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Half Caste, by John Agard Essay

Half Caste, by John Agard Essay

Poetry is used by writers’ world wide to express them. Many of these poems are very negative and show it in the use, and misuse, of language. Other poems are more positive. Poets often use their work to express difficult situations. ‘Half Caste’ is a good example of this because it portrays the writer in a negative situation that the writer expresses his opinions about. ‘Unrelated incidents’ is a similar type of poem with a varying, but overall alike problem. The poem ‘Not my business’ is a more literal poem.

The poem is similar because it shows the poet in a difficult situation but the way the poet expresses himself is completely different.

In Half Caste, by John Agard, the difficult situation is one of prejudice. The writer is expressing his dislike of the prejudice he suffers because he is of mixed race or, in his words, ‘half caste’. The word half-caste is shown to be the culprit in this poem and the entire poem ridicules the word and those who use it.

The writer uses various strategies to achieve this goal. In the first paragraph the writer immediately draws the reader’s attention with an apology, “excuse me,” he says. This draws the reader’s attention because it is a very abrupt way of starting a poem and the reader continues to read to see what he is fact sorry for.

Immediately, Agard shows that he was in fact being sarcastic. He uses the ridiculous imagery of a man standing on one leg to show the stupidity of the word half-caste. Agard continues to be ridiculous like this throughout the poem. Agard doesn’t confine himself to ridiculous imagery though, he uses imagery of famous western icons to prove his point, “yu mean when Picasso mix red an green is a half caste canvas”. This is effective because to create a good painting an artist will probably have to mix colours, Agards point is that paintings with mixed colours are any worse so why should he be.

He uses similar imagery using British weather and Tchaikovsky to prove the same point. The constant use of such imagery shows the reader the difficult situation rather than describing it, in Half Caste the writer uses it to show why e hates prejudice and by doing so tells the reader the prejudice he suffers. . Not my business also uses imagery, but the imagery is not as subtle and more literal. The poems starts with imagery of brutality “beat him soft like clay”. The imagery is very violent and suggests constant repetitive beating. The few words say masses; “soft like clay” suggests broken bones and tenderness.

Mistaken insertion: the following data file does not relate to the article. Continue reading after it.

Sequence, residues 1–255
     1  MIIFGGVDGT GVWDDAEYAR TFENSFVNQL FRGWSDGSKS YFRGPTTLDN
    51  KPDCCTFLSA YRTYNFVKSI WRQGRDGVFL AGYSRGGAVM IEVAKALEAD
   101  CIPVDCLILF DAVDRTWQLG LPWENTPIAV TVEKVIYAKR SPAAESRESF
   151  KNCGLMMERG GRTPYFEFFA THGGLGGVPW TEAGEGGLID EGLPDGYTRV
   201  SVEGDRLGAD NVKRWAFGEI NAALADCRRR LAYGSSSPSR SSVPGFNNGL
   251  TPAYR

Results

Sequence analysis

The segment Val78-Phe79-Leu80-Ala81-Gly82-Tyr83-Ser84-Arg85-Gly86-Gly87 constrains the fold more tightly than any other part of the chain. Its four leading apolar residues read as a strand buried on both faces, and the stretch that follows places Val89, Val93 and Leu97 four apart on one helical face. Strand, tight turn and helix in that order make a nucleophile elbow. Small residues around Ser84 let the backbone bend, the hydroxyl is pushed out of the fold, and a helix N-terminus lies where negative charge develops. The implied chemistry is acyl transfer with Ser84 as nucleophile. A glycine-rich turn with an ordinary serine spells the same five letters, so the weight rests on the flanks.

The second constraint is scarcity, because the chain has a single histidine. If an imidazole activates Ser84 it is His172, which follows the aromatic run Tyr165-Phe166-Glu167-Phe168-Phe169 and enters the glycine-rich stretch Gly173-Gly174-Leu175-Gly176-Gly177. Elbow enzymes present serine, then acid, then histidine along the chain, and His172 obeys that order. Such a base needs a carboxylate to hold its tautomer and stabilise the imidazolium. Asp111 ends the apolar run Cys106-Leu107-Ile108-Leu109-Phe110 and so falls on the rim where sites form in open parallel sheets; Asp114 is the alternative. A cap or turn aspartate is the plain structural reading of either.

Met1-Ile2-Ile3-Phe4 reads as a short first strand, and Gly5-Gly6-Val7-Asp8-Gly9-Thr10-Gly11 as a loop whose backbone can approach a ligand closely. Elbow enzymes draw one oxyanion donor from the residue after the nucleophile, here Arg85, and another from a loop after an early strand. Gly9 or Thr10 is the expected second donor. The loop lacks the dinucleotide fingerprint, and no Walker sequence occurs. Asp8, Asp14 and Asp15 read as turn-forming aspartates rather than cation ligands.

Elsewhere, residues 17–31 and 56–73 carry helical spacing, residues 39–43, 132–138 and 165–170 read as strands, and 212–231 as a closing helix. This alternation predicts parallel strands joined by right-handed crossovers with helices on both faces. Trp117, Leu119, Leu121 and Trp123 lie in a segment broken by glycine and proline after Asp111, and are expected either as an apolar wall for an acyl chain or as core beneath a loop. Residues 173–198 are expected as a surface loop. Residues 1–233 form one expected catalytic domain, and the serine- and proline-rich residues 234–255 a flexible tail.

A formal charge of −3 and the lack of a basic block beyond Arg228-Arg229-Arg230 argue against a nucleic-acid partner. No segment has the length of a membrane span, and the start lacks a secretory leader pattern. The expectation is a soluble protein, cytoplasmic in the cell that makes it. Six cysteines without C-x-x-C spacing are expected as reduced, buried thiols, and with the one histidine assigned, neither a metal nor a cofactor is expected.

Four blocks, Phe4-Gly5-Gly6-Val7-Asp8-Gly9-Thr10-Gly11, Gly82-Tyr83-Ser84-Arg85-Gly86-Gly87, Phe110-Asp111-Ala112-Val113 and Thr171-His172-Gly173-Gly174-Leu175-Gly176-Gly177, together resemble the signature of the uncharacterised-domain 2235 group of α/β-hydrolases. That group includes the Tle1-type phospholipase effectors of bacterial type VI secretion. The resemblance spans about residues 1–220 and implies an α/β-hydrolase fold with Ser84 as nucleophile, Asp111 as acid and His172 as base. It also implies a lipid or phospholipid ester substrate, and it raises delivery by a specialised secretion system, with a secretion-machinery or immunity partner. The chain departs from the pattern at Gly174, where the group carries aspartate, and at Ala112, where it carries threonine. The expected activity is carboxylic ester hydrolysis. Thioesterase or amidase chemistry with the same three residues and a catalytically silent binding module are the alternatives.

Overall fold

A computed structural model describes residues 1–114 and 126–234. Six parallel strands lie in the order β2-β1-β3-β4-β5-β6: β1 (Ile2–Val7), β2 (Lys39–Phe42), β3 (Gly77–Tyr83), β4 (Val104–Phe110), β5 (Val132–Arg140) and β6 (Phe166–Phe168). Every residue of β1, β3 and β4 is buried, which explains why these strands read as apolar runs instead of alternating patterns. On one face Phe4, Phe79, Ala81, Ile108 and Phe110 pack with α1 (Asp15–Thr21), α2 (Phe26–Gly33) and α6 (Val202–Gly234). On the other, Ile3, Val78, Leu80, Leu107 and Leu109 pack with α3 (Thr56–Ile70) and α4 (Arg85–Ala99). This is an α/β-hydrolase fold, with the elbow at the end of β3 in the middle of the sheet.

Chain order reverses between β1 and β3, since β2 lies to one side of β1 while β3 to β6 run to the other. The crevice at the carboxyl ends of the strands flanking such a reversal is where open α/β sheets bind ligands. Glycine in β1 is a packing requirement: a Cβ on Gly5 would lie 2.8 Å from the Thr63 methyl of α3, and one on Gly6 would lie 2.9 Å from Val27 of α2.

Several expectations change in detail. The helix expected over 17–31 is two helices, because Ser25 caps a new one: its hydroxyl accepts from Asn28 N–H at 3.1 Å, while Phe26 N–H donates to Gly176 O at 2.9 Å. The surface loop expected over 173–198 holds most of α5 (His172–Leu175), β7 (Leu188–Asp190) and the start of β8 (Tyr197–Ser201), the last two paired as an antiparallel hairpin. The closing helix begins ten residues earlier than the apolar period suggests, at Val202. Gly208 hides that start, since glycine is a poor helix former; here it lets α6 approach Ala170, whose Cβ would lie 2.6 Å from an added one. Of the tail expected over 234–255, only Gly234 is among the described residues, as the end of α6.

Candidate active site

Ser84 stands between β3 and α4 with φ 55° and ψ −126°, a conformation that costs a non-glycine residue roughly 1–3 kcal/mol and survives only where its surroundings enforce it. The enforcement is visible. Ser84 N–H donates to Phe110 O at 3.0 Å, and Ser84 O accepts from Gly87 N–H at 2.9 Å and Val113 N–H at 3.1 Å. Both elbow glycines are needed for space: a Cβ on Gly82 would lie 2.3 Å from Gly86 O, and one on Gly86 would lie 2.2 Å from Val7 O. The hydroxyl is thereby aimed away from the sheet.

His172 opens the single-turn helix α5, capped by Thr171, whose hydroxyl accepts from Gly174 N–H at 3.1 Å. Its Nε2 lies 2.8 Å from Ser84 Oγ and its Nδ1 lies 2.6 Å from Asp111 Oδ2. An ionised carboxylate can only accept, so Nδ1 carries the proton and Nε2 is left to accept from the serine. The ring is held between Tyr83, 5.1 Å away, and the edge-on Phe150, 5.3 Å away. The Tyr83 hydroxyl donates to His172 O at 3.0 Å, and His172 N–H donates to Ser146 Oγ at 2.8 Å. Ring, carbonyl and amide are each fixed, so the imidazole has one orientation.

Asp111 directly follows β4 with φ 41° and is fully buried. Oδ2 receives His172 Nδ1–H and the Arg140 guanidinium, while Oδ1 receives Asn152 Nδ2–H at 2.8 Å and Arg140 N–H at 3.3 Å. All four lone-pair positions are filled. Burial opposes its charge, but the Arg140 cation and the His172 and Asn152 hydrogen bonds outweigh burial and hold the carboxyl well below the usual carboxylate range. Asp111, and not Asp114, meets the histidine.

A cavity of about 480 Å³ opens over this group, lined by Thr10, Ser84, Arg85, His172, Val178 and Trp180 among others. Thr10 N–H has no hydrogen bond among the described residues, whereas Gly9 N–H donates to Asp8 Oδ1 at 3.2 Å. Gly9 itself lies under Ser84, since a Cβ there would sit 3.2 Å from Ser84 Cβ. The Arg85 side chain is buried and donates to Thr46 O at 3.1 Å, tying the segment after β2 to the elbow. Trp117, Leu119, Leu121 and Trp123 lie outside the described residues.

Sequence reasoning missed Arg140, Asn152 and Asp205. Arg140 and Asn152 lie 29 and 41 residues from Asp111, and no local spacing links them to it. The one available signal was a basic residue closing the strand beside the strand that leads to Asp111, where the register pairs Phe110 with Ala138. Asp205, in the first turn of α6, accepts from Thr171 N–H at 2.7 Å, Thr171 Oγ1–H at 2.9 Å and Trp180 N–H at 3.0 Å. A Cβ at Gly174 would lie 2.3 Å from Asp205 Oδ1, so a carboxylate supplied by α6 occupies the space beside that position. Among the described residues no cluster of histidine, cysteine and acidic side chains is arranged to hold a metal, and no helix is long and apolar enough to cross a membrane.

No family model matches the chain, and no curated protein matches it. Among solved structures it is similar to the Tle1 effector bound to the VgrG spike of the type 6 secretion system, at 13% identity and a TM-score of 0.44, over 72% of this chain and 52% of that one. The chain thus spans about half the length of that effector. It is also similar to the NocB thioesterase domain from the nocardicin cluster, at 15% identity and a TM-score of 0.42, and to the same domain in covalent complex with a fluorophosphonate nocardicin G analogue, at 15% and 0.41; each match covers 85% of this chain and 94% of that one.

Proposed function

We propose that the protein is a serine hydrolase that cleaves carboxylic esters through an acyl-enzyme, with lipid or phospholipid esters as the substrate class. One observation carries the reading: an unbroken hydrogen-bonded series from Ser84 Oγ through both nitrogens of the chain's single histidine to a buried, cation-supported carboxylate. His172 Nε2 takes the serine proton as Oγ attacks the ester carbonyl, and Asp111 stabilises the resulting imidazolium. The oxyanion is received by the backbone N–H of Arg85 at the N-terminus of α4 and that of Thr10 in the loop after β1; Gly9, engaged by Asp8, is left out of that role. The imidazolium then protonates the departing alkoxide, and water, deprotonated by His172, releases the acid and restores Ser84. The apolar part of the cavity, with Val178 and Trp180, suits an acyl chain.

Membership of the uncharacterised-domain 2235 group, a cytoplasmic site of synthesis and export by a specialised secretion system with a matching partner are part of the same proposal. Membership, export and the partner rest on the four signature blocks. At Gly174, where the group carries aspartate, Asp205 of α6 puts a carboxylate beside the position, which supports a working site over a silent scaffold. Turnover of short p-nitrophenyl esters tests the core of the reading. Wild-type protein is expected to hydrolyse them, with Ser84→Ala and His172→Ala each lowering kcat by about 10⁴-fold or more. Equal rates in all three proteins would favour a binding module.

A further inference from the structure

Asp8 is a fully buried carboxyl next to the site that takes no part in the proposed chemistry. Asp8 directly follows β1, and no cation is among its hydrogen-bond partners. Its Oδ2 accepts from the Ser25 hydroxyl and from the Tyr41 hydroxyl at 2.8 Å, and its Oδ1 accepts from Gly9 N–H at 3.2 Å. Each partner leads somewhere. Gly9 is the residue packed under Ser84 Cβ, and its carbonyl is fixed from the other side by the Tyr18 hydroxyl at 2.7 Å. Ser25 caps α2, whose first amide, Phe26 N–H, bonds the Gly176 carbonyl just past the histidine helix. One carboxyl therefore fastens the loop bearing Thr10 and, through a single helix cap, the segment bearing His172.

The imagery is very violent and portrays a very violent regime or lifestyle. This instantly shows the difficult situation in which the writer is in. Later in the poem more imagery is used. The constant repetition of “savouring mouth” and the personification of objects “hungry hand” and “bewildered lawn” create imagery of consumption. These constant images of consumption and brutality lets Osundare express his situation fully and more interestingly than if it had been written in prose. John Agard also uses a Jamaican dialect in Half Caste.

In the entire poem he uses no punctuation, and spells everything phonetically according to the dialect. This deliberate misuse of the English language is an obvious rebellion to English standards. He writes in English but in a Jamaican dialect showing his problem of being ‘Half Caste’. This simple use of dialect says many things about his views on his stereotyping. He is rebelling against people who want him only to act English and people who are prejudiced against him. The use of dialect says that if English people discriminate against him then he will discriminate against the English language.

“Unrelated Incidents” also uses dialect to show a difficult situation, this time the dialect is Scottish and its use is obvious. By using a Scottish dialect the writer instantly shows the difference between him “scruff” and the ‘BBC’ accent he is opposed to. The difference in dialect shows the prejudice Leonard claims to suffer. The prejudice is not one of a different culture but one inside Britain. He is saying by using dialect that no one trusts him, or other Glaswegians because of their accent and their home. He says this in the poem as well by saying “if a toktaboot thi trooth lik want to yoo scruff yi widny thingk it wuz troo”.